The next way people often approach this is by starting their own business or becoming a freelancer. This method takes a lot of initial work but once you get rolling you’re ready to enjoy your chosen freedom. For some people, even if they aren’t doing something they necessarily love if they get to choose their own schedule and vacation days, that’s freedom enough. Another option, of course, is to start a business doing something you love which increases your experienced freedom even more.
The next way is becoming more and more common in today’s world. People are choosing to aim for a 65-year-old retirement sized stack of cash about 30 years earlier. Whether that means putting in 80 hours a week for 15 years, catching the right opportunity to make your million, or working hard to make a new product or business that’s a big enough deal to settle-down from. This takes hard work and/or innovation usually, and occasionally luck of timing. While many of these may be risky as there is no sure-fire way of achieving them, one way to guarantee you’ll have a decent amount of money earlier than most is by frequently investing any extra money you have.
Better yet, if you’re able to invest some money while you’re doing this, you’re checking all the boxes of freedom now and setting yourself up for more freedom in the future.
Lastly, it’s completely possible to experience a high amount of freedom without having a lot of money or even working much. In most places, you can work a part-time job and live modestly while still enjoying a lot of the things you like to do. Additionally, if you’re inclined to travel, saving up for a van or transit can actually save you a lot of money due to not having many bills or rent. This allows you to have the freedom to go where you want but also allows you to not have to work frequently as your expenses are low. The work you do need to do can be solved by finding a temporary job wherever you travel whenever you need the money or finding a job/starting a business you can do online or over the phone. Better yet, if you’re able to invest some money while you’re doing this, you’re checking all the boxes of freedom now and setting yourself up for more freedom in the future.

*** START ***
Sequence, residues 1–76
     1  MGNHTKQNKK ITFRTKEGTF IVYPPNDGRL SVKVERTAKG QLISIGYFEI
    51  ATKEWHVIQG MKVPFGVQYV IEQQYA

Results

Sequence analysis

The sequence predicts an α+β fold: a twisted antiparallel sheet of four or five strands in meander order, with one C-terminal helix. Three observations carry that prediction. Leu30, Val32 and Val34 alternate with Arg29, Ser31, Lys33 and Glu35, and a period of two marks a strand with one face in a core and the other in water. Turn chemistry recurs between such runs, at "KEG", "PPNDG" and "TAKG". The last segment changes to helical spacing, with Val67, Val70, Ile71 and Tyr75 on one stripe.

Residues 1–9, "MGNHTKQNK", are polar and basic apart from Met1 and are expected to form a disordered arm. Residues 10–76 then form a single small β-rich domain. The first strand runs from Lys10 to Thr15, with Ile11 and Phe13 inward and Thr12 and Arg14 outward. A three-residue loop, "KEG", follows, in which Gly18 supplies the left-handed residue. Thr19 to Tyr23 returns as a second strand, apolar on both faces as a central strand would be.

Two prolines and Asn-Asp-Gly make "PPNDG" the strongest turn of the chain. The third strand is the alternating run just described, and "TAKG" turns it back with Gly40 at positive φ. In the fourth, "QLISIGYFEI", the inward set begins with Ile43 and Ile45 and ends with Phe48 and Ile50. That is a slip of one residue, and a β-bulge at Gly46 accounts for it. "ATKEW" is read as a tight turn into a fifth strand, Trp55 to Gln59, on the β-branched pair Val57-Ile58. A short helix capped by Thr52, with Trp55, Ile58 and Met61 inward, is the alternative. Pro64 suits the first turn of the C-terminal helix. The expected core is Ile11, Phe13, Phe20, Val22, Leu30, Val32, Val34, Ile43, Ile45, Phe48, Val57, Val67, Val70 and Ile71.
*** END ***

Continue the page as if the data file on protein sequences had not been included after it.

To know which path you’d rather take and what you want to do will take some reflection and the results of that will likely serve as motivation and excitement to start towards that. Return to this spot when you feel it start to wane.
Retirement should be synonymous with reaching the American Dream, it should be synonymous with living your best life. The end goal of life isn’t just to save up a bunch of money and do work, whatever it is, until you’re too old to do anything.
There are many forms of retirement and as long as you find one that maximizes your experienced freedom, then it doesn’t matter how much money you have, how old you are, or what you’re doing. Retirement should be synonymous with reaching the American Dream, it should be synonymous with living your best life. The end goal of life isn’t just to save up a bunch of money and do work, whatever it is, until you’re too old to do anything. Figure out what it is that your best life would look like and think about it frequently as you work towards it. Not only will it be motivating but it will also likely shift and get clearer as time goes on. I’d bet that almost no one’s imagined best life is a 9–5 until 65 that pays the bills. What could a whole world of people chasing their best life and their unique offerings look like? Start with yourself to find out.